• by Nyder (754090)

            I'm not against GM, I'm against companies OWNING genes. It's the old story of proprietary vs open source... do you really want the food sources of humanities future controlled by corporations with only a profit motive and no humanitarian concerns?

            You mean like it pretty much is now?

        • Higher yield was the propaganda phase. Now they are engineering stuff resistant to herbicides instead.

          Working out the difference is left as an exercise to the reader.

          • They? Yeah, because all genetic engineers are part of a single monolith./sarcasm

            First off, herbicide resistant crops are, contrary to the ramblings of a bunch of people whose education in genetics consists solely of having seen Jurassic Park once, actually fairly useful to the farmer, and pretty beneficial to the environment. Yeah, spraying herbicides (even ones that degrade quickly like glyphosate) probably hurts the environment somewhat, but by allowing no-till farming, they've done a lot less harm over

            • > To say that increased yield is propaganda, quite frankly, is simply untrue.
              I said propaganda phase. When media started discussing GM, media told they'd resist parasites and yield more.
              Your post itself says higher yield is not often the direct result of GM. That is the point, and anyway we'll soon see.

              About genetic engineers, it's their bosses that count.

            • When one fact is used as the single selling point, that IS propaganda.
      • Re: (Score:2, Insightful)

        It just occured to me that I'm arguing the wrong point in that last post. What the hell does economic value have to do with preserving genetic diversity? This is (theoretically at least) a pure science problem of preserving gene sequences that may be wiped out by economic forces... oh wait, I think I just refuted my own argument.
    • Re: (Score:3, Insightful)

      the "bet against climate change" seemed pretty straightforward to me that it was a bet against the success of climate change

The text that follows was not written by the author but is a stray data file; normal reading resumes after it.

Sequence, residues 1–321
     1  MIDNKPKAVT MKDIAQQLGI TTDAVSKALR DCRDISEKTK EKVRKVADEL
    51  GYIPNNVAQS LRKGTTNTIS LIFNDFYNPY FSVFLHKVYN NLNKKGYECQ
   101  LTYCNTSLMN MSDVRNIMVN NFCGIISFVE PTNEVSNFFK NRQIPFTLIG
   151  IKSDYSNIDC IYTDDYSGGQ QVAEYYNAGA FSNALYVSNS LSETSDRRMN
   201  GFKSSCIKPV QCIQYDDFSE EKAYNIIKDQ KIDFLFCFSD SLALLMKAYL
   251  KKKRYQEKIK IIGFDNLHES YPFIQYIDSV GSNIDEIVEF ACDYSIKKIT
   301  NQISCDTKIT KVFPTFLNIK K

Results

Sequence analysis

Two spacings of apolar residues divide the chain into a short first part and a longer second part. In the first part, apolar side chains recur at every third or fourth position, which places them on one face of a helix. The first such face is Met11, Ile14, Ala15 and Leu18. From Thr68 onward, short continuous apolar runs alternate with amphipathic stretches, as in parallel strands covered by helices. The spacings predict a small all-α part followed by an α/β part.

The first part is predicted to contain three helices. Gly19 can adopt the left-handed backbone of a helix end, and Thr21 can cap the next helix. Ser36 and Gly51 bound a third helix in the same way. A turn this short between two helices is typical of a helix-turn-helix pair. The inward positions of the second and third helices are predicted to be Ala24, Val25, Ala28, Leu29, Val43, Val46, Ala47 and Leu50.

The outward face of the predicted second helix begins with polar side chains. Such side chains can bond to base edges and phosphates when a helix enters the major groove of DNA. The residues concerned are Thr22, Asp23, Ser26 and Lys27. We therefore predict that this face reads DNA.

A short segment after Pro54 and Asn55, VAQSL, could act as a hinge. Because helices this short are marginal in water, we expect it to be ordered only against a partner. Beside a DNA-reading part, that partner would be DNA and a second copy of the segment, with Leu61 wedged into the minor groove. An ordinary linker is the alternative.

maybe it's just me, but I got what they were saying.
  • by ColMstrd (103170) on Saturday October 30, 2010 @03:18PM (#34075022) Homepage Journal

    A single seed bank like this doesn't make any kind of biological sense. It is remarkably unlikely to be useful in the event of catastrophe: it's a long old road up there to Norway to replenish stocks of some ancient carrot variety from most parts of Europe.

    If you actually wanted to guard biodiversity, you would encourage social networks of gardeners to replant varieties each season and share the ensuing seeds. The French organisation Kokopelli [wikipedia.org] does this, but seems to suffer from legal harassment rather than incur the subsidies it would receive in any sane world.

    An analogy for the slashdot crowd might be Napster (centralised) vs. BitTorrent (distributed).

    • by Guppy (12314)

      An analogy for the slashdot crowd might be Napster (centralised) vs. BitTorrent (distributed).

      BitTorrent's a good example of both the strength and weakness of distributed distribution. There are going to be both popular and unpopular plants, and as the years pass eventually you'll start finding the equivalent of dead torrents. The best solution may be a hybrid model, with a centralized bank periodically "Re-seeding" (ah-yup) less popular varieties into the distributed network.

    • See also: Seed Savers Exchange [seedsavers.org] At its core, SSE is a centralized tracker for gardeners for peer to peer seed exchange. That said, SSE also sells and distributes a subset of their seed varieties to keep the lights on and encourage heirloom planting. They have an account at the Norway seed bank, and use it for offsite backups of rare seedstock. This is a worst-case scenario backup for cataclysmic events like nuclear war or insane seed-eating fungii.
  • by Rockoon (1252108) on Saturday October 30, 2010 @03:20PM (#34075030)
    I'm pretty sure that my bathtub could hold 4.5 million seeds, and for $9 million thats $2 per seed? What the hell am I missing?

    1m x 1m x 1.5m = 1.5m^3 = 1500000cm^3 so my bathtub could store over a million seeds that were 1cm cubes... way larger than the average seed, right?
    • Re: (Score:3, Insightful)

      by Anonymous Coward

      If you give the third world food, they'll just breed more until they don't have enough to feed everyone even with the aid. Want to fight starvation effectively? Give them condoms.

      • I wonder why you posted that as an AC? Oh...
      • by I(rispee_I(reme (310391) on Saturday October 30, 2010 @03:36PM (#34075136) Journal

        Ah, but if we give them condoms, we are encouraging fornication.

        This seems like a textbook example of why churches are not the best agent for philanthropic missions.

        Note to self: Use this as a talking point to republicans to demonstrate why tax breaks to churches are no substitute for actual social programs.

        • A small amount of urine just ran down my leg with (delight/drunkeness, delete as applicable)... please mod parent up.
        • by baKanale (830108)